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When it comes to cleaning up Iowa’s dirty water, do we need to stop the insanity or persuade farmers and landowners to embrace a “new vision” for agriculture?
That was the gist of the debate on an Iowa Ideas panel I recently moderated. Chris Jones, IIHR research engineer at the University of Iowa and one of the leading voices and researchers on water quality problems in Iowa, called for new laws to stop harmful farming practices. John Norwood, a Polk County Soil and Water Conservation commissioner, argued for convincing farmers to adopt conservation practices and new crops through incentives and changes in federal crop insurance.
It was the classic Iowa water quality debate. We’ve tried politically acceptable voluntary approaches for decades. The state Nutrient Reduction Strategy showed us how cropland is the main source of nitrate and phosphorus pollution and spelled out voluntary measures to reduce nutrient-laden runoff into waterways and on to the dead zone in the Gulf of Mexico.
So how has that voluntary approach worked out?
“It’s not leading to much change on the ground,” said Mike Schmidt, staff attorney for the Iowa Environmental Council, who also took part in the discussion. “We’ve tried the voluntary approach for decades. We’ve been doing that since the Dust Bowl. And our water quality is not getting better.”
Des Moines has struggled this year to use surface water sources — the Des Moines and Raccoon rivers, fouled by toxins from algae blooms fed by farm runoff. Ottumwa’s aging water treatment plant also has had to deal with pollution in the Des Moines River. The state failed to stop an 11,000-head cattle feedlot from being built in the watershed of Bloody Run Creek in Northeast Iowa, currently one of Iowa’s few “outstanding” waterways. Efforts to convince the Environmental Protection Commission to protect the environment have fallen on deaf ears. The Legislature and governor are defending the status quo preferred by campaign donors representing large, powerful agricultural interests. The state Supreme Court has chosen to remain on the sidelines.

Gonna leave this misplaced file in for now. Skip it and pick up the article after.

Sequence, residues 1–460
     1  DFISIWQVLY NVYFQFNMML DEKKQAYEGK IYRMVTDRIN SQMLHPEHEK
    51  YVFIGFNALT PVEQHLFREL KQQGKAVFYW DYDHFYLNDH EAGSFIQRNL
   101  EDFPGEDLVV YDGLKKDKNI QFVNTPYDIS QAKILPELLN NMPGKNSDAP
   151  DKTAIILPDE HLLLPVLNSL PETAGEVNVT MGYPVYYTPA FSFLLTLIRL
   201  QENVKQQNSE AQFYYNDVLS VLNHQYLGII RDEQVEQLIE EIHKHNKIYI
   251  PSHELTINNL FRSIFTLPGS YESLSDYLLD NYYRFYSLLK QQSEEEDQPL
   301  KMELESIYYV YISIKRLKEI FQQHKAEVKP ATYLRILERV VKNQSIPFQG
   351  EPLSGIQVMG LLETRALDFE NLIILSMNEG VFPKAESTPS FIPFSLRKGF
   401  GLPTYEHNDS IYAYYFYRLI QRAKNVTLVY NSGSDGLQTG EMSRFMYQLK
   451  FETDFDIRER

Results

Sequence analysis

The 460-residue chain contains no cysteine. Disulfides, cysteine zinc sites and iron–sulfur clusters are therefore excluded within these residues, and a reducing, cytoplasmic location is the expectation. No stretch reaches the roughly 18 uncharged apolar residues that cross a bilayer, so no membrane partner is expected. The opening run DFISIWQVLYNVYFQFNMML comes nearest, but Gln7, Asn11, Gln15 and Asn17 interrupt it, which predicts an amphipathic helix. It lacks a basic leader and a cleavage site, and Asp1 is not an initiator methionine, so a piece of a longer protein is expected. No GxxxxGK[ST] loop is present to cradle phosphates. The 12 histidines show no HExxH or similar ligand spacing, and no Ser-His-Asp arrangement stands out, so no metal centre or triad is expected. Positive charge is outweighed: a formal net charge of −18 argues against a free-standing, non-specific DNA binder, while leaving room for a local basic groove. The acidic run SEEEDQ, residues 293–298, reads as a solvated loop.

“Let’s face it. This system is designed to provide cheap commodity grain to large corporations that also want to sell stuff to the farmers. That whole scheme has got to change if we’re going to get the environmental outcomes that we want,” Jones said. “But we need laws. It’s painfully obvious.”
Jones takes aim at what he calls “low-hanging fruit.” He would ban spreading manure on frozen or snow-covered ground where it is more prone to run into waterways. He also argues farmers should not be allowed to plant in the frequently flooded two-year flood plain, which would take about 400,000 acres out of production.
“Why are we doing that? It’s insane,” Jones said.
Jones would ban fall tillage, which Iowa State University has said for decades is a poor practice. “Why do we allow that? It’s insane,” Jones said.
The master matrix used to score livestock confinement projects should be altered to discourage plans that allow the over-application of manure. And Jones would require farmers to adhere to fertilizer use guidance provided by ISU, which could curtail the over-application of nutrients.
“How on earth do we ask taxpayers to pay for these edge-of-field treatments to capture the excess nutrients, while at the same time we give farmers permission to apply as much as they want? It’s the dumbest policy on earth,” Jones said.